A singer rather than a dancer, Nickie approaches Don at his table to the consternation of Bill Floyd; in the book, the musician introduces the soon to be lovers. In the screenplay, Floyd is more visibly jealous of Nickie--perhaps the novel's portrayal of their relationship was too edgy for TV. Don is not a senior in medical school but rather has recently graduated and is already a practicing physician. The TV show has Nickie leave Don after they share a cheap meal together; in the book, he takes her home and spends the night.
|Carl Benton Reid as Don's father|
Don's father talks to him and Nickie sings "How Long Has This Been Going on," a 1927 standard by the Gershwins and another example of how the songs used in this episode provide commentary on the action. Don and Nickie then visit Don's father at home; the old man had Nickie investigated and learned that her real name is Nadine Bryant and she has been married three times. In the novel, Flame Cortez was her real name and, while she had plenty of men, she had never been married before. After Don's father dies, he confesses his feelings to Nickie instead of to Dora. When she agrees to marry him, he tells her: "You make me jealous, I'll kill you," foreshadowing the show's conclusion.
|1962 Signet paperback|
At the club, Nickie tells Bill that she has left Don but also does not need Floyd anymore; she sits down at the piano and sings a few lines of "Just One of Those Things," giving it a darker meaning than it had in the show's first scene, where it suggested that her meeting with Don fit the song's title. Alice Horton is the other major character jettisoned by James Bridges in his TV adaptation; the entire subplot about Don's second love affair and plan to divorce his wife and marry his new love has been eliminated. Instead, events are compressed and hastened along as Don goes to the bank and learns that Nickie has withdrawn all their money. He goes home and confronts her and she points a gun at him when he takes their money from her suitcase. He leaves in disgust after she threatens to tell the FBI agent about his role in Cane's death aboard the cruise ship. Don drives off in anger and we see Bill Floyd sitting in a car outside the Reed home.
|Don realizes what he has done|
|Note the comparison of figures|
|After Don pushes Cane overboard|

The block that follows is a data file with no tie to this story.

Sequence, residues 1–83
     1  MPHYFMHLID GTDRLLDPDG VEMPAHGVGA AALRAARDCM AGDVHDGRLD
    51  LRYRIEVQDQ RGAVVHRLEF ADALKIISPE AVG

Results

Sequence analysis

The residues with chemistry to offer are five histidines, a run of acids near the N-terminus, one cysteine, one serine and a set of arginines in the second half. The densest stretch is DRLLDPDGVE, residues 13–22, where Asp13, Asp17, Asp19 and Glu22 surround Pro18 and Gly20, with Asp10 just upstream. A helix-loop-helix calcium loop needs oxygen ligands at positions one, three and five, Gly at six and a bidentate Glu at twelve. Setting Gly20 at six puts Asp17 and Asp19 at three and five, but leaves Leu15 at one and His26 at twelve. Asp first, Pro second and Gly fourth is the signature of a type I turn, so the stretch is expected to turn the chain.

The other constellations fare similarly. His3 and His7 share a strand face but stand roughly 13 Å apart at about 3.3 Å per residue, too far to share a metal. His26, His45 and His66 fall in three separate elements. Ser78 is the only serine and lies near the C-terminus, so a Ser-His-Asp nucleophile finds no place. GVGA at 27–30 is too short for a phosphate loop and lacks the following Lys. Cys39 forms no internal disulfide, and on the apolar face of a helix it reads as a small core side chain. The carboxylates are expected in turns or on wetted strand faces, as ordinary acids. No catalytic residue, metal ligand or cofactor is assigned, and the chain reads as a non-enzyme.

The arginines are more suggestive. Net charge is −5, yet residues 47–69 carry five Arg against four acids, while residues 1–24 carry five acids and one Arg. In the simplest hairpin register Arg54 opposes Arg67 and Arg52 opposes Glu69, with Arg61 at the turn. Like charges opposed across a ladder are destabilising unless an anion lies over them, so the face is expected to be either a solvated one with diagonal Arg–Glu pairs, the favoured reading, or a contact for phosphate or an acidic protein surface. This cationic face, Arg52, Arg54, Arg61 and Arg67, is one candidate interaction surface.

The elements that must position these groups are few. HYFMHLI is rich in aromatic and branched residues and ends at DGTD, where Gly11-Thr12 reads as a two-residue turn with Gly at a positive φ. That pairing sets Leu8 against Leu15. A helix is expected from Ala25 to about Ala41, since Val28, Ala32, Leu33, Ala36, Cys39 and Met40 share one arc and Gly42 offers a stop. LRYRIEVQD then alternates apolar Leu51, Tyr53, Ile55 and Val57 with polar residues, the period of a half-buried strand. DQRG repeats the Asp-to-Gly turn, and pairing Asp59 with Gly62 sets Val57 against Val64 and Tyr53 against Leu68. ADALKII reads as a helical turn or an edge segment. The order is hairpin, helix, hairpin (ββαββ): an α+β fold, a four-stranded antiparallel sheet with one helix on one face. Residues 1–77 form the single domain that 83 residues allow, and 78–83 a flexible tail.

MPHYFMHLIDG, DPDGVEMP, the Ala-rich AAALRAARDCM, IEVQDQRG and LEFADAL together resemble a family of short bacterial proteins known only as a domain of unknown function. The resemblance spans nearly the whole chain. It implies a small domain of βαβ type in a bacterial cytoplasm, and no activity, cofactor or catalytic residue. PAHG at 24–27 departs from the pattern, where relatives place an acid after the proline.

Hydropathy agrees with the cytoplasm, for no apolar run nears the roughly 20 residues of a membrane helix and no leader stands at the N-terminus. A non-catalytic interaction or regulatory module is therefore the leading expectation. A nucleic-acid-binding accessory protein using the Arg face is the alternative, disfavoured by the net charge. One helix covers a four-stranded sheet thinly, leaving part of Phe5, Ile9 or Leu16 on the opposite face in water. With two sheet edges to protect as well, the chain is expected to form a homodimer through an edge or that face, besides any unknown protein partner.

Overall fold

With Bridges streamlining the story and adding his trademark repetitive touches, such as the baseball metaphor, the strangely appropriate songs, and the idea of Nickie as a boomerang that Floyd can toss and expect to come back, the script is tight and fast-moving. Girard's direction, mixing a good amount of control over his actors with a variety of shots that work to achieve maximum emotional effect, ensures that the episode is entertaining from start to finish. Finally, the actors all give convincing performances, making "Run for Doom" a successful adaptation of its source novel.
|Diana Dors sings "Just One of Those Things"|
Although "Run for Doom" is a showcase or Diana Dors, John Gavin (1931- ) gets top billing. He started out in movies in 1956 and appeared in such classics as Imitation of Life (1959), Psycho (1960) and Spartacus (1960). Born John Golenor, he was on TV from 1960 to 1981, when President Reagan appointed him the U.S. ambassador to Mexico. He was also the head of the Screen Actors Guild from 1971 to 1973. He nearly played James Bond in Diamonds Are Forever (1971) before being replaced by a returning Sean Connery, and he again almost played the part in Live and Let Die (1973) before being passed over in favor of Roger Moore. This was the first of his two roles on The Alfred Hitchcock Hour; the second was "Off Season."
|Tom Skerritt as Dr. Farmer|
Playing the tough and unscrupulous piano player Bill Floyd is Scott Brady (1924-1985), who was born in New York as Gerard Tierney. After serving in the Navy in WWII, his movie career began in 1948 and lasted until 1984. His TV career began in 1955. His films included Johnny Guitar (1954) and the TV movie, The Night Strangler (1973); while he was in many TV episodes, this was his only appearance on the Hitchcock show.
|Gail Bonney as Sarah the maid|
Two other Hitchcock show stalwarts make brief appearances in ""Run for Doom": Robert Carson (1909-1979) plays the detective at the end who discovers Nickie's body and Gail Bonney (1901-1984) plays Sarah, the Reed family's maid. Carson and Bonney appeared in eleven episodes each, always in similar, small parts.
"Run for Doom" is not yet available on DVD in the U.S. but video clips of Diana Dors singing the two full-length songs from this episode are on YouTube here and here.
In two weeks: "The Cadaver" with Michael Parks!